Poetry / June 2014 (Issue 24)

Tan Yunxian 1461-1554

by David W. Landrum

female physician of the Ming dynasty

At 96, I wish I could call forth
the stream of patients, women mostly, I
have healed these years—the tender virgin girls
who came with rashes on their secret parts;
women with periods not right or for whom sex
caused pain; those who could not conceive a child.
Ashamed to open up their treasury
of womanhood to a male physician's touch,
they flocked to me, some with a reddened part
quiet easily cured; some with menstrual trials;
others, more seriously, nearly mad
in the aftermath of a difficult birth—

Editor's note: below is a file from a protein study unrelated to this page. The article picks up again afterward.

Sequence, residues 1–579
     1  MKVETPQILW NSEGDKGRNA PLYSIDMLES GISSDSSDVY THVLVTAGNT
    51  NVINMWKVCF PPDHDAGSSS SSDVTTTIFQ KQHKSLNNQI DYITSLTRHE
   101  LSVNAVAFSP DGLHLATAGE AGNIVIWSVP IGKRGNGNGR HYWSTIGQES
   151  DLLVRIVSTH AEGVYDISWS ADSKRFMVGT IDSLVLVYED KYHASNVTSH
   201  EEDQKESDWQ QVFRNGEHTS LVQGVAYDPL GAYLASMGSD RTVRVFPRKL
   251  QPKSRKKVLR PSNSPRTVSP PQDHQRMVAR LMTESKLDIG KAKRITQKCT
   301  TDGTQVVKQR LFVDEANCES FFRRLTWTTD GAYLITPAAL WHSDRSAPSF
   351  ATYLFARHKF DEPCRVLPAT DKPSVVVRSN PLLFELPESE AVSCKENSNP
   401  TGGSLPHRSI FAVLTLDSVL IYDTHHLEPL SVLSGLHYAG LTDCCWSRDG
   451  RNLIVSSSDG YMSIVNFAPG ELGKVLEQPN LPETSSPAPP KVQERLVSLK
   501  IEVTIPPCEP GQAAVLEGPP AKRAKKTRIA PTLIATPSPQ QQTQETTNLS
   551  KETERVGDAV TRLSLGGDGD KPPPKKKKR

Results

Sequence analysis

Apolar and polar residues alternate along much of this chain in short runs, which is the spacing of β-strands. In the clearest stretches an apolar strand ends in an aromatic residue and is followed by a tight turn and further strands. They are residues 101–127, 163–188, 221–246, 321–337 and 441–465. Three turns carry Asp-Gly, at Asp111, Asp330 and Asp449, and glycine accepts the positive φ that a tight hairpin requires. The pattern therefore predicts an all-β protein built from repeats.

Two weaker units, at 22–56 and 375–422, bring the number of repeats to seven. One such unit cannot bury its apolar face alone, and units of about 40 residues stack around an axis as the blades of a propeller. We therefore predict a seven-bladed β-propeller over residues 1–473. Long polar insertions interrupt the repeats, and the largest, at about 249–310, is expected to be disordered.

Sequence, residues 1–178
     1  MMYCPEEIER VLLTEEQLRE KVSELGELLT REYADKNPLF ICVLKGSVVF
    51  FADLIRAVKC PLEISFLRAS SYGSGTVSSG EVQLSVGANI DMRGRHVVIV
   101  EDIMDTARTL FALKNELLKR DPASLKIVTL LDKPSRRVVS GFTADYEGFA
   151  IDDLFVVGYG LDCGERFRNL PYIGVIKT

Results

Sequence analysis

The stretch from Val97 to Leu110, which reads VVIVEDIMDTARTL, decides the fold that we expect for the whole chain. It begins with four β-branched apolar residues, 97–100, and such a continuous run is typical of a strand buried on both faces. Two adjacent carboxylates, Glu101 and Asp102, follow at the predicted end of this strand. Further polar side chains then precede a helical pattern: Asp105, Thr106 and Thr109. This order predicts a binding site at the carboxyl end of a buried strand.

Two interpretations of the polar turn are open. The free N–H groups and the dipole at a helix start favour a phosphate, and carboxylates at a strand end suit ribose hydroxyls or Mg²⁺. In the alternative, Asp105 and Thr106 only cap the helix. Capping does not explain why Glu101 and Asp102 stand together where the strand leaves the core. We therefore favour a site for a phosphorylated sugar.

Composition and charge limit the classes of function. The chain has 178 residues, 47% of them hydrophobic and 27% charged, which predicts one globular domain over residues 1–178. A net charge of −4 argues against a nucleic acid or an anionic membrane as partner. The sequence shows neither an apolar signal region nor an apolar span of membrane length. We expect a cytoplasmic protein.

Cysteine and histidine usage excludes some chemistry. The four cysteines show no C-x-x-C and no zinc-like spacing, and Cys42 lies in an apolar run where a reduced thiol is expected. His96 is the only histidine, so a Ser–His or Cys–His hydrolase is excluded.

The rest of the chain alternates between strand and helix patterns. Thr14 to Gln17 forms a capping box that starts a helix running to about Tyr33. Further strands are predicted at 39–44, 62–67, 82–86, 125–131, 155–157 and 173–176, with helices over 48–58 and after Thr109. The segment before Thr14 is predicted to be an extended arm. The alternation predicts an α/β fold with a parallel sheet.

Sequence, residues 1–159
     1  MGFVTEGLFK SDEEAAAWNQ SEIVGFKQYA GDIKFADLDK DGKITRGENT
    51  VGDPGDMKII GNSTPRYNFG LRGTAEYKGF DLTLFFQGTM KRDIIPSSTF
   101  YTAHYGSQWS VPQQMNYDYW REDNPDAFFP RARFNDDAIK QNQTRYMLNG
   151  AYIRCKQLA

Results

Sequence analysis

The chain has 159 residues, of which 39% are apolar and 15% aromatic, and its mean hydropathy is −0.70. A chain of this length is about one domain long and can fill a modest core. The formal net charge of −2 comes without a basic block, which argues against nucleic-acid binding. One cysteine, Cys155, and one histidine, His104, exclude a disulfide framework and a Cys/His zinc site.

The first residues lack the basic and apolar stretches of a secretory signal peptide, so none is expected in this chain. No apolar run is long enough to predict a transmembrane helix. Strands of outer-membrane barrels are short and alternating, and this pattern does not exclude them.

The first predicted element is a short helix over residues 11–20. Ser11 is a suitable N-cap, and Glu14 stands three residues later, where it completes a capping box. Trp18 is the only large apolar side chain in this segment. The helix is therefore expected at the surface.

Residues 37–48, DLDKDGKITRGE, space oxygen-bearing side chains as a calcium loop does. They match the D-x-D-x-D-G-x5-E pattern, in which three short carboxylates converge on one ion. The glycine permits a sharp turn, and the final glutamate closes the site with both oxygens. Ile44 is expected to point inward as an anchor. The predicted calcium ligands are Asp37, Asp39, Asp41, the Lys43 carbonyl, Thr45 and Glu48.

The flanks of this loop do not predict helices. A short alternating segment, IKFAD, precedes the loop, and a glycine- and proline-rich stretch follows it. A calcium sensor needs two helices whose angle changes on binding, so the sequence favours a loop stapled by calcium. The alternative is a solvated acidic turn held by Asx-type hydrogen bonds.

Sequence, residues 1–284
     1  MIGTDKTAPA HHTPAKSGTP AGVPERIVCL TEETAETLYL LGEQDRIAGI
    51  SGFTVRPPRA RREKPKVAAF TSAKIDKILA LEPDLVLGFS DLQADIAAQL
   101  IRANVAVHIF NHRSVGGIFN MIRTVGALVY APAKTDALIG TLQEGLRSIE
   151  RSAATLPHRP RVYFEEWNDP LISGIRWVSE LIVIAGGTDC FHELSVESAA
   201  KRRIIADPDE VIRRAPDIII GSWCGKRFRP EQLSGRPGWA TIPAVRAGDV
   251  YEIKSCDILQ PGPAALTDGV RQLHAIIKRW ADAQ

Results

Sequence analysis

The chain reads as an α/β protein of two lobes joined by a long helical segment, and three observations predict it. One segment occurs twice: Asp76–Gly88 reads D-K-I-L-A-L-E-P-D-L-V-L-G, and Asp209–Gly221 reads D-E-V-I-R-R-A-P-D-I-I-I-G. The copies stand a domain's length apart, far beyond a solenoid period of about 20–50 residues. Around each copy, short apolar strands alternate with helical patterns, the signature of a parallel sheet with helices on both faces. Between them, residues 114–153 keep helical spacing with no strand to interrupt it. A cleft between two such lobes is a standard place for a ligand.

the things the men who practice healing arts
record as "women's complaints." That I was
a wife and mother made me empathize
with them and their distress; and I could cure
the womb, vagina, breasts. My son will cut
the woodblocks for prints of the book I wrote.
The Sayings of a Female Doctor lies
a manuscript. The booksellers will not
publish a text by a woman, even one
who served for years, to whom nobility,
the royal court, the wealthy looked for cures.
Self-published, it might see the light of day.
With no apprenticeship, no study with
a master healer (who must be a man),
I’m scorned. My voice from eighty years spent in
the medicinal arts will cease, will go
unheard, and my advice will quietly die,
unpublished. Slender chance my own copies
will sell. The merchants who run bookshops won't
give up space for my title in their stalls.
These silences—a woman's voice is stilled
not out of death and not from a disease
of body, but of body politic.
I hope healing will come to this soft plague,
this lack of voice, this blockage, this complaint.
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